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Transition to new grass, fescue warning, etc...
Transition to new grass, fescue warning, etc...


One of the many enjoyable events of spring is the greening of the grass.  You will quickly notice our horses have less interest in the hay now.  They think there is a bountiful harvest of grass in the pastures.  While they are not supposed to be able to distinguish colors, they must be able to judge distance and realize the grass is growing.  They would much rather spend their days chasing each new blade of grass than standing at the full hay feeder.

It is still important to keep some hay available.  As you have noticed, the stools of the horse grazing pasture have become very soft.  They will pile up like a cowpile.  This is because of the low roughage in the new grass.  The coarser the forage, the longer it takes to move through the bowel.  The new grass, however, is very low in fiber and very high in moisture and takes very little time to make the trip.
 A diet of fresh grass and grain can lead to digestive problems.  The bowel full of fresh grass and/or grain makes up very little volume.  It also moves rapidly through the bowel.  The horse experiences a churning bowel which can lead to cramping.  These mild colic signs may pass unnoticed.  The results of this hyperactivity can be two-fold:
The cramping can lead to enough discomfort to cause the horse to roll to relieve itself.  We all know what this can mean. If the roll is executed just right, a simple twist can occur and the horse will be in distress.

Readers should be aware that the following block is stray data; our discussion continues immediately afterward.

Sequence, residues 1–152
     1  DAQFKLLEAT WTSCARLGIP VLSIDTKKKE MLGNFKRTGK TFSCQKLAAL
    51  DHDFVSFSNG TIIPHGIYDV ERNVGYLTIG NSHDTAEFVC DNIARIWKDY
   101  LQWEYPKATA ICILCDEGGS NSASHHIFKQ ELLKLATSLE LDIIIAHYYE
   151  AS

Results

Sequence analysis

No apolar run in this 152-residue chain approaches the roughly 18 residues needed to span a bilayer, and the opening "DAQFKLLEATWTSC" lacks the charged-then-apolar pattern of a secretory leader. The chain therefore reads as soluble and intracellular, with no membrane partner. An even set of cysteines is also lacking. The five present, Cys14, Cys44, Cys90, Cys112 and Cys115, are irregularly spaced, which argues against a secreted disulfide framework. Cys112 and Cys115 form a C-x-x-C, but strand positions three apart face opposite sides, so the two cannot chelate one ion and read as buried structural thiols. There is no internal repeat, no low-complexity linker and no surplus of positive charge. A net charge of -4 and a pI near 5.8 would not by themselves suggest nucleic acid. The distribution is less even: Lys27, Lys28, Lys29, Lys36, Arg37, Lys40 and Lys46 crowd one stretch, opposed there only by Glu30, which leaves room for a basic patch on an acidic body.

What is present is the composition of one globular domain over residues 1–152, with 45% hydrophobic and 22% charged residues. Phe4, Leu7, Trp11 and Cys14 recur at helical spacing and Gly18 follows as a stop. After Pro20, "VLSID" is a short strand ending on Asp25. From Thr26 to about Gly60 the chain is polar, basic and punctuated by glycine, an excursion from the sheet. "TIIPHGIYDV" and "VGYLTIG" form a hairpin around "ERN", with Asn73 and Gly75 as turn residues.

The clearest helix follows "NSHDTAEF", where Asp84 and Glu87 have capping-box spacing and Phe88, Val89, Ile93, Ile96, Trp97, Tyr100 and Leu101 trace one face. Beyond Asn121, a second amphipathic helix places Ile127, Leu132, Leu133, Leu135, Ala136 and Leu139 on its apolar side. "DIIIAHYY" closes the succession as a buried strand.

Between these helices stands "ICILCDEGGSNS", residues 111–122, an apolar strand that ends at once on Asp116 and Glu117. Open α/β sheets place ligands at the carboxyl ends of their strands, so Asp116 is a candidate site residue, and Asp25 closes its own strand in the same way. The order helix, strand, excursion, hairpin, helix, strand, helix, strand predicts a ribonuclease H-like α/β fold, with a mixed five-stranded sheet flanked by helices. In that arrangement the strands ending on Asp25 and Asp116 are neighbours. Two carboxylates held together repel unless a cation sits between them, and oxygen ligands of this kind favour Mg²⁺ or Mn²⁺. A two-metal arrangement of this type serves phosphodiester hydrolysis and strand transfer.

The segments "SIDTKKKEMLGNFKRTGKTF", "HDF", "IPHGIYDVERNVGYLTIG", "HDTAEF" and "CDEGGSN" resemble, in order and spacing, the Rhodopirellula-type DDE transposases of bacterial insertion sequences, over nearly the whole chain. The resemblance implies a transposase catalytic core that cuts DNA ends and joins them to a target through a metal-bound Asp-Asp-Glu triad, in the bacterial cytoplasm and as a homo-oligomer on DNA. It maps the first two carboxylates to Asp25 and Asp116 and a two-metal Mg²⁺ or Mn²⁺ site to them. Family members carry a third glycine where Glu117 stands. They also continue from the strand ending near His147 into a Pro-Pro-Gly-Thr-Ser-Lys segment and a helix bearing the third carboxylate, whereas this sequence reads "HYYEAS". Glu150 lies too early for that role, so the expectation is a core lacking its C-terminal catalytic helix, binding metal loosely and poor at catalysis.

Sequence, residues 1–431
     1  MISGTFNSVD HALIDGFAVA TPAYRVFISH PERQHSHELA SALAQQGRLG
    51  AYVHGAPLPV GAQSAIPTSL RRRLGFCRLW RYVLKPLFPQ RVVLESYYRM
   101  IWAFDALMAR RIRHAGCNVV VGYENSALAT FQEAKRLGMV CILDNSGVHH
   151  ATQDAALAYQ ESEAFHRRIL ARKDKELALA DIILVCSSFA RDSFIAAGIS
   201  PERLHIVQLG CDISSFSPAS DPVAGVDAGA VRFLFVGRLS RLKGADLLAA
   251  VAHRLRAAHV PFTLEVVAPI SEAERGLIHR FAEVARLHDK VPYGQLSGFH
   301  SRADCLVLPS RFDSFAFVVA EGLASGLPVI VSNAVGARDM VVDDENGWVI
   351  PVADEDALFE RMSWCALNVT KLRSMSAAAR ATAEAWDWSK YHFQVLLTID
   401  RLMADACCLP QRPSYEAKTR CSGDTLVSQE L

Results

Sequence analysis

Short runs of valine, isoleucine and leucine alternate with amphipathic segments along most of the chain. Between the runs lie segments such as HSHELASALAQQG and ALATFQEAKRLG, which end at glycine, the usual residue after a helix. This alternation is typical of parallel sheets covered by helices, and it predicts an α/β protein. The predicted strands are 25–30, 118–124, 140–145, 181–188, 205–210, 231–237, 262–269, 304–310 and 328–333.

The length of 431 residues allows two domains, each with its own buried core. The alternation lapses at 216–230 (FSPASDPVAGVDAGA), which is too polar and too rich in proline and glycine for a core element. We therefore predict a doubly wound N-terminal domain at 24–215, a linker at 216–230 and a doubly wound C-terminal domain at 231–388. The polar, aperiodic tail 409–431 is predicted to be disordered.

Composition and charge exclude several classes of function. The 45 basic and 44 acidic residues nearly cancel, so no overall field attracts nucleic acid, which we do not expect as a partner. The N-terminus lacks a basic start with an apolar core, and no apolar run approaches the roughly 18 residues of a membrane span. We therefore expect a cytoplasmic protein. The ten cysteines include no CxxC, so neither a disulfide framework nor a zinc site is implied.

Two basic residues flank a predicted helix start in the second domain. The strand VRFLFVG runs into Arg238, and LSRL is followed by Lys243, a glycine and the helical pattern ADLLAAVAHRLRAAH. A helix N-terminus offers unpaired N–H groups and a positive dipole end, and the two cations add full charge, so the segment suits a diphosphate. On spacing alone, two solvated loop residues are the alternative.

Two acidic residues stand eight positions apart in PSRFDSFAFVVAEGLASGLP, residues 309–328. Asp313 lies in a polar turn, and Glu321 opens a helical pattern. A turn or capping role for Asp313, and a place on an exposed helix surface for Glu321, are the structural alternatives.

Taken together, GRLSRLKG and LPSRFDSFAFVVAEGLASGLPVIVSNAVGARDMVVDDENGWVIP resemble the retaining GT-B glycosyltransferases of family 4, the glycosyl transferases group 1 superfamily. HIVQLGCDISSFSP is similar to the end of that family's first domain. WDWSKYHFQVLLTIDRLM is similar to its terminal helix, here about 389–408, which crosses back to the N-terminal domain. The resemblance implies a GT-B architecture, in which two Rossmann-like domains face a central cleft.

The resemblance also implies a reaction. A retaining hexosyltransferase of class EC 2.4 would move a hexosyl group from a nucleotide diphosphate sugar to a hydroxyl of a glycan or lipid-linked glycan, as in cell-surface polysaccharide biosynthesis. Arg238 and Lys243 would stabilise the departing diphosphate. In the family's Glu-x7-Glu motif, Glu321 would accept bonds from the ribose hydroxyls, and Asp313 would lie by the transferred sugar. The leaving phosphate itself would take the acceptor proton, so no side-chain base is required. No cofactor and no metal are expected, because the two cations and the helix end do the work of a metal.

With hyperactivity, the intestines can crawl into each other, called an intesiception.  This also causes a blockage.
Both situations cause a very dire situation and can lead to many anxious hours.

To prevent either of the above situations, just make available some long stem forages.  The hay may need to sit around for a day or two before it is consumed, so offer it in a protected place where it will stay dry and not be trampled.  As the fresh grass makes up more and more of the roughage part of the ration, the horses will search out the hay to provide bulk and the “tickle” they need for a healthy intestine.  The dry hay absorbs some of the moisture.  The bulk and coarseness will slow the bowel and stop the rumbling.  The full bowel will be less likely to get in trouble.

As the grass matures, the need for hay will decrease dramatically.  You can monitor this by watching the stool.  From this point on, the hay you offer will have to be superior to the grass.  That usually means a good quality legume.

For those with brood mares, the experts tell us fescue of any length will contain endophyte.  Therefore, even though the grass is just starting, the  pregnant mare should still be ‘dry lotted’ and only on a non-fescue grass hay or an alfalfa mix.

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